# Mist + dof + alpha in cycles

I'm working on an animation where I want both mist and dof combined with a rather dark world background. The main problem is my mist pass washes out my background, and the only solution I found was rendering the background in a separate pass. What happens then is I get a white border around all objects against the alpha background (I presume the border was always there, but becomes visible in alpha because it doesn't have the washed out background there). It even occurs to objects in the foreground where the mist pass shouldn't be effective. I've looked at tons of tutorials and forums, but can't seem to find a solution for this. It only affects objects out of focus, so it seems like the mist and the dof-defocus somehow have a conflict, where the blurry border around objects out of focus become white in the mistpass.

Does anyone have any experience with this? I'm pretty noob-y at blender and 3d in general, and though I've tried fooling around with nodes and stuff I'm not experienced enough to actually know what I'm doing. Any advice would be much appreciated!!

• Try using ColorRamp instead of MapRange. – Mr Zak Nov 23 '16 at 12:47

This is a tricky one, because you're going to deal with two separate issues that clash with each other.

As @cegaton suggested, volumetrics could make things easier for you, but if you need to solve it with compositing alone anyway, there's a couple of things you need to know:

• The mist pass can help you but ONLY if you intend to composite the pass over the composited plate (no alpha channel). Since it's antialiased, compositing a mist pass over an image with alpha channel will result in color contamination in AA pixels and pixels convoluted by the DoF effect, as you experienced in your tests.
• The Z buffer in Blender plays really bad with cycles DoF. I dare to say that it's completely useless when DoF is used. Just normalize it and examine it with the viewer, the sampling in the defocused areas makes it really inadequate for compositing, unless you're going to use an insanely high number of samples, which beats the purpose of not using volumetrics.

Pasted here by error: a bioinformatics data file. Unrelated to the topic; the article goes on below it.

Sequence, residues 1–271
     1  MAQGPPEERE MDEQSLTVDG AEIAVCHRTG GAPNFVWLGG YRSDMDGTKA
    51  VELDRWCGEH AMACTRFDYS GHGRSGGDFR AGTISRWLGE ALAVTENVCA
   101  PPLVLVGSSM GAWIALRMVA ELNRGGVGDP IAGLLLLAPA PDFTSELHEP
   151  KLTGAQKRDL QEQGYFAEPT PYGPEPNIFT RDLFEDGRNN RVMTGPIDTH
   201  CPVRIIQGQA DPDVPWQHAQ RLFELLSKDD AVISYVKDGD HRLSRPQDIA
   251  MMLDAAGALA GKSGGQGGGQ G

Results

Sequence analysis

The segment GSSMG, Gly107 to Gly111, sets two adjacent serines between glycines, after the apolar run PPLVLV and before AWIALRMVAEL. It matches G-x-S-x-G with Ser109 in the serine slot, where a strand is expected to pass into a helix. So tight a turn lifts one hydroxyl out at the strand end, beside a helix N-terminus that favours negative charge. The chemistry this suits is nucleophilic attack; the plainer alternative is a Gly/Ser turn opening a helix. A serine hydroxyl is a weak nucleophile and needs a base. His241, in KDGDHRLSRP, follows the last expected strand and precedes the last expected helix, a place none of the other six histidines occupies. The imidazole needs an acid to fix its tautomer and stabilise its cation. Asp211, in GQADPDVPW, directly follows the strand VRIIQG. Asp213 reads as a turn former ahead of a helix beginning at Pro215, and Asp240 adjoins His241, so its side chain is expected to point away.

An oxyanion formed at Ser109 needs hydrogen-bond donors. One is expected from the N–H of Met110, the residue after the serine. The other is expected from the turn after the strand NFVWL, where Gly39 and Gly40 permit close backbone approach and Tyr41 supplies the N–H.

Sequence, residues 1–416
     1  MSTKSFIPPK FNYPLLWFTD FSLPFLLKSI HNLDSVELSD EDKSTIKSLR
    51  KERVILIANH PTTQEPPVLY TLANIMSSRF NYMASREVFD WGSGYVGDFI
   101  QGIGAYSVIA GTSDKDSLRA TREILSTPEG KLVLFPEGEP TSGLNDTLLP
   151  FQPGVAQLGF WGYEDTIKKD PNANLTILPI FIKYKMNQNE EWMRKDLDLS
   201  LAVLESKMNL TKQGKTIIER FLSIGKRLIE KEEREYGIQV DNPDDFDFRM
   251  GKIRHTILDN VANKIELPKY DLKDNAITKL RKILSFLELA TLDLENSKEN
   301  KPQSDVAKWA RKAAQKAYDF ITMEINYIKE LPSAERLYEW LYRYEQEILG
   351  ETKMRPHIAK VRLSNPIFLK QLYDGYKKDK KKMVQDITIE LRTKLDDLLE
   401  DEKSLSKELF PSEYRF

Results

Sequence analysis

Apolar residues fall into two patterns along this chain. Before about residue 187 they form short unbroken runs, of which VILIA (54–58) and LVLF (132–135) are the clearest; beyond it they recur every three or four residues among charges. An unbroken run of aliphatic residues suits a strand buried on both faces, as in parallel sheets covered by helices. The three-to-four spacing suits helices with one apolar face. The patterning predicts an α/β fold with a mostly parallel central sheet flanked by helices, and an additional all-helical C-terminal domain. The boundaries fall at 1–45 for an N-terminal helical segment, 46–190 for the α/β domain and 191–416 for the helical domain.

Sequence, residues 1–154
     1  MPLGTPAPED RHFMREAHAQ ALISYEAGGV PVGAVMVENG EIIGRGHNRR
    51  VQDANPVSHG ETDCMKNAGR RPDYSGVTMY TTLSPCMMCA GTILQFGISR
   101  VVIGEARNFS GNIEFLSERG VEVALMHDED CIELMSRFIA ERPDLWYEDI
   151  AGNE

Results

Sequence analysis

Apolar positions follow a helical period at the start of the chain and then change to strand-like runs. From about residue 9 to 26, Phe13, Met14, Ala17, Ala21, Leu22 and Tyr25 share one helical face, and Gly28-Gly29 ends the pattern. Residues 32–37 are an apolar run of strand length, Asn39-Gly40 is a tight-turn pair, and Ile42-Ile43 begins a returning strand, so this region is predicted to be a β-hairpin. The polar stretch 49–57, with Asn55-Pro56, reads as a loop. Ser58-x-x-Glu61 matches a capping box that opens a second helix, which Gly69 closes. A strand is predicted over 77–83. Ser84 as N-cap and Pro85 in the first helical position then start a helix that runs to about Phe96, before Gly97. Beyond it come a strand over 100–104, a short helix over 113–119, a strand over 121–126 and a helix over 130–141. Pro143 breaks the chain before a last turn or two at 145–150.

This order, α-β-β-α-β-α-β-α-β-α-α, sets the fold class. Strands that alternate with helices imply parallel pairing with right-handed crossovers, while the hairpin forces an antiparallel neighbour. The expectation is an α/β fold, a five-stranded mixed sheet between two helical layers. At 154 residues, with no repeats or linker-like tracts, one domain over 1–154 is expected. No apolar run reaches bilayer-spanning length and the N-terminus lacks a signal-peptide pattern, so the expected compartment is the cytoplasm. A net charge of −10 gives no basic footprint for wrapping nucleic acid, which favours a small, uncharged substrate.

• Alpha channel is also tricky when used with depth effects because alpha compositing is intended for blending a foreground plate over a background plate, not multiple planes in different depths.

With that in mind it becomes obvious that there isn't a silver-bullet solution to composite this kind of imagery in one single pass (unless you work on the composited beauty pass directly, without alpha channel).

If you need to produce layers to be composited using DoF and mist, you'll have to deal with the aliased Z pass and cut slices out of your scene's depth to apply the DoF effect in post without producing bleeds and artifacts. It's a somewhat complex and tedious process and you'll have to evaluate whether it is worth to invest so much time and effort in compositing to spare yourself some extra minutes of rendering.

• Thanks for the elaborate (but depressing) answer, Gez! Very helpful :) – achoc Nov 29 '16 at 9:18
• @achoc Glad you find it helpful. Remember to vote and mark as solved when you find an answer that clears up your doubts. – Gez Nov 29 '16 at 13:29

A possible solution without compositing or using the mist settings, is to enclose your scene in a mesh and use volume absorption and volume scattering. Scattering will give you the effect of suspended particles in the air (which is what fog or haze are) The visibility of the objects in the distance is controlled by the density of the volume scatter.

click on the image to enlarge

The background for the scene will still be visible (depending on the density of volume absorption and/or scatter, and you have total control on the depth of field for the scene.

click on the image to enlarge

• Thanks cegaton! My problem is that this is a 3 minute long animation and render time is already killing me, so I'm trying to stay clear of volumetrics as much as possible, and this solution will probably take forever to render, am I right? – achoc Nov 25 '16 at 12:56

If you want the poles to get grayer as they get further from the camera, use the compositor and the "Z" output. Z outputs the distance from the camera.

You could also create a pass for the objects, so that only the objects get affected by the mist.

• Thanks 10 replies! Do you have a link with a good example of a node setup for this? I've tried on my own, but like I said, I don't really understand how nodes work and usually can't get the result I'm trying for unless I follow a recipe.. – achoc Nov 25 '16 at 12:59
• Check out the update @achoc – 10 Replies Nov 25 '16 at 16:19
• If the goal is to composite mist over a beauty pass without alpha, this solution is enough. It can be optimized by removing the math and ramp nodes and using just a mist pass to feed a mix of mist colour over the clean plate, but in general this solution is just fine. Notice however, that this solution won't work for plates with alpha transparency (and DoF will make things even worse) as the mist pass will contaminate the semi-transparent pixels in antialiasing and DoF bokeh. – Gez Nov 25 '16 at 23:48

When I tried to avoid "white border" around my object because of Mist and the node Alpha Over, I tried to thinness the Alpha layer with Dilate/Erode node, and surprise, it works!

With threshold set to $$-1$$ you get a perfect crop between your background and your object misted.